The Conservatives have badly misjudged this issue. They would do well to listen to some of their dissenting Conservative colleagues in the House of Lords.

Lord Freud as you, should be worried.

Jon Leighton

Jon Leighton
6 Mar, 01:45


Steve Webb is of course a Liberal Democrat, not a Conservative.


6 Mar, 12:47

The HB reforms do not affect the severely disabled, parents with disabled children, pensioners and those who need around the clock care, because they are exempt form it.

The sad and appalling thing is the scaremongering from those who are simply after political capital not what’s best for people, and have no shame using people, particularly those in need, as their scapegoat.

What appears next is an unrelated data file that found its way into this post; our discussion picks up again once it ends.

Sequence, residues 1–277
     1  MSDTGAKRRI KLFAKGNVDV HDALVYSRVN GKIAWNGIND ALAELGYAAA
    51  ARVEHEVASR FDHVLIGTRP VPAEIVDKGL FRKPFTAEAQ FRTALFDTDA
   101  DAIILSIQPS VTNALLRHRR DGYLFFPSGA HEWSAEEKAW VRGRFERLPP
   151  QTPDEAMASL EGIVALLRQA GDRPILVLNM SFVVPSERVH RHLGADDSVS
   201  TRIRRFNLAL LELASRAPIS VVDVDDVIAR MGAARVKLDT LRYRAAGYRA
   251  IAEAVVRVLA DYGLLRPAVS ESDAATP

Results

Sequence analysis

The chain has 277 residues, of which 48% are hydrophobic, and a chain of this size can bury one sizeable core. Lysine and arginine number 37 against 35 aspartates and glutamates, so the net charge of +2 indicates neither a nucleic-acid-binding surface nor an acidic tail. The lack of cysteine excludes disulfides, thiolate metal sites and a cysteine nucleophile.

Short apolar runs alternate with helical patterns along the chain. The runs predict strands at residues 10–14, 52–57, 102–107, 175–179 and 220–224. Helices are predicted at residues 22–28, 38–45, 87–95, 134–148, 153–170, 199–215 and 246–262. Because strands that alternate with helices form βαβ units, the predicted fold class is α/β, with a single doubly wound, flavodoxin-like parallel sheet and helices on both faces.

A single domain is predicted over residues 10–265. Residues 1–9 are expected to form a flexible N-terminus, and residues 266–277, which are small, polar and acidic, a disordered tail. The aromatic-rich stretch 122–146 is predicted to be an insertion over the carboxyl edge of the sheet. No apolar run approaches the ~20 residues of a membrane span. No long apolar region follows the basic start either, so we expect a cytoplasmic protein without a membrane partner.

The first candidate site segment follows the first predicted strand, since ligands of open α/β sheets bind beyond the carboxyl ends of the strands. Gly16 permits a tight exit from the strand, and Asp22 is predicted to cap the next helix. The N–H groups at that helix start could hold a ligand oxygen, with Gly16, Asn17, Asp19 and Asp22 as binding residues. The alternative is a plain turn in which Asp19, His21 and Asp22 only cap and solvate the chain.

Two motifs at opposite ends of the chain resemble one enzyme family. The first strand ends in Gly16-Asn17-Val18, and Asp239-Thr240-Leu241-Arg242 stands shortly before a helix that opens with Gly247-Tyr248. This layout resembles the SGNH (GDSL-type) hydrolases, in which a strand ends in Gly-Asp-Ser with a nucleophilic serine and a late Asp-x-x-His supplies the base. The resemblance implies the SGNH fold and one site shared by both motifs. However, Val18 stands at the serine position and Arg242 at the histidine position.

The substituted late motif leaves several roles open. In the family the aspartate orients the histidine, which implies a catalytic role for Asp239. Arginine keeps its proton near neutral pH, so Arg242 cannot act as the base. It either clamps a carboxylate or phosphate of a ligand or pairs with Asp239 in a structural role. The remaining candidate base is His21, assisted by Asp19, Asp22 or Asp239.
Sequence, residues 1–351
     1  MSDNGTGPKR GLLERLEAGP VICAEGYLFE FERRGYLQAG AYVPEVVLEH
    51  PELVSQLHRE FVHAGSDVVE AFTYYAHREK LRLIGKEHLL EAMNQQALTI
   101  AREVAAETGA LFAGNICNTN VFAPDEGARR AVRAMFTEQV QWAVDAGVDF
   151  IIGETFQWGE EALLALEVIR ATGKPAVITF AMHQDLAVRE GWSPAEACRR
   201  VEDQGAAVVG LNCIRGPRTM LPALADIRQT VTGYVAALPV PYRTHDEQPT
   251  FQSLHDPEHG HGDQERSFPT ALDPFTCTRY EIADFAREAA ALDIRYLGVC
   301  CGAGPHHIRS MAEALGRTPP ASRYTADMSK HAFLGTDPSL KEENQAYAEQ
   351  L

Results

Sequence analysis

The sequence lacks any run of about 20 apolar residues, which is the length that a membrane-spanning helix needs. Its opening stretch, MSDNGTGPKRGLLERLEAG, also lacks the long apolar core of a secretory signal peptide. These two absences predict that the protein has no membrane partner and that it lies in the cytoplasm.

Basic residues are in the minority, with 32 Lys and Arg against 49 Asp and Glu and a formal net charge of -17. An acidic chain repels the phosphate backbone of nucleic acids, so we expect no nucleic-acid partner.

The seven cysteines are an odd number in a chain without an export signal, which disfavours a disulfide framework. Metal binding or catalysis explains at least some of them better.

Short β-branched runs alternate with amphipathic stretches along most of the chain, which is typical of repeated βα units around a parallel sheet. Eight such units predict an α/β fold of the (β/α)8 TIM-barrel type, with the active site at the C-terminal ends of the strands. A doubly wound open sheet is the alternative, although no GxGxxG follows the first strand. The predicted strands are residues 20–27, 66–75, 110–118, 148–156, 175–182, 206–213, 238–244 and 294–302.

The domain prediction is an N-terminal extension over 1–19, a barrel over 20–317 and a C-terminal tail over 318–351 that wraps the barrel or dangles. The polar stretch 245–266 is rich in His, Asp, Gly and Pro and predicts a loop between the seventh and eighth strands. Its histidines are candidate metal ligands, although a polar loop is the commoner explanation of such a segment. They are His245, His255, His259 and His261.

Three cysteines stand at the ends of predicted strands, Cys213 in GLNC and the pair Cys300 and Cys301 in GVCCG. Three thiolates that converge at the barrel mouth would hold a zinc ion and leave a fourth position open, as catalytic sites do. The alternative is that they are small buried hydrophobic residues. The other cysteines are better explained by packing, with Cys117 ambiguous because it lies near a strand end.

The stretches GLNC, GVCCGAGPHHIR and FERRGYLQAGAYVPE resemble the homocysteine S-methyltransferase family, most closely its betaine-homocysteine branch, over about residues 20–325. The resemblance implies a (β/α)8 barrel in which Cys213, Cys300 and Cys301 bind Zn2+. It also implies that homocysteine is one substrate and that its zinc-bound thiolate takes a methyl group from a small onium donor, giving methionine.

Jon Leighton

Jon Leighton
8 Mar, 08:10

I’ve been researching this issue now for about three months so it’s fair to say, I’ve read my fair share of DWP circulars and scoured the articles about it. It was was therefore worrying to see the Prime Minister get muddled up (as you have) about who is and isn’t going to be affected.

The devil is in the detail.

Jon Leighton

Jon Leighton
8 Mar, 16:15

This may interest you.


8 Mar, 18:30

Thanks Jon for taking the time and keeping me updated. You say the devil is in the details, but somehow you seem to ignore a crucial detail.

And that is pensioners, the disabled and those who need overnight care are exempt. Another detail you missed the project is still live, and organic plus local authorities have been given the freedom to assess and assist those in need and support – those who might have been missed by the rules as they currently are.

Don’t want to come across as if I don’t care but, as a nation, we are drowning in debt and something must be done – unfortunately curbing public spending is one of them.